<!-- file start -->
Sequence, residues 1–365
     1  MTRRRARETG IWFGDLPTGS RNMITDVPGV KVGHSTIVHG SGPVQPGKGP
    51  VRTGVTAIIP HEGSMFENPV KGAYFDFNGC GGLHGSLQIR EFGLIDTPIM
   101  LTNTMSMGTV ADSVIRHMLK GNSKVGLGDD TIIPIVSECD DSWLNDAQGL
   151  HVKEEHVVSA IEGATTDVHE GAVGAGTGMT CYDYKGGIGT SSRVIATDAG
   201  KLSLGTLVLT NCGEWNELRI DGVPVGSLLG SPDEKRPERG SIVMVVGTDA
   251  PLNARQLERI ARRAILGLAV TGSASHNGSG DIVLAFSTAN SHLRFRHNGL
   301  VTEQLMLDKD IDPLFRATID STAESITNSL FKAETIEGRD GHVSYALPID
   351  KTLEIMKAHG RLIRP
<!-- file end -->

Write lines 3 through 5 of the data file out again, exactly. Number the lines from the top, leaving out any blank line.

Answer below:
    51  VRTGVTAIIP HEGSMFENPV KGAYFDFNGC GGLHGSLQIR EFGLIDTPIM
   101  LTNTMSMGTV ADSVIRHMLK GNSKVGLGDD TIIPIVSECD DSWLNDAQGL
   151  HVKEEHVVSA IEGATTDVHE GAVGAGTGMT CYDYKGGIGT SSRVIATDAG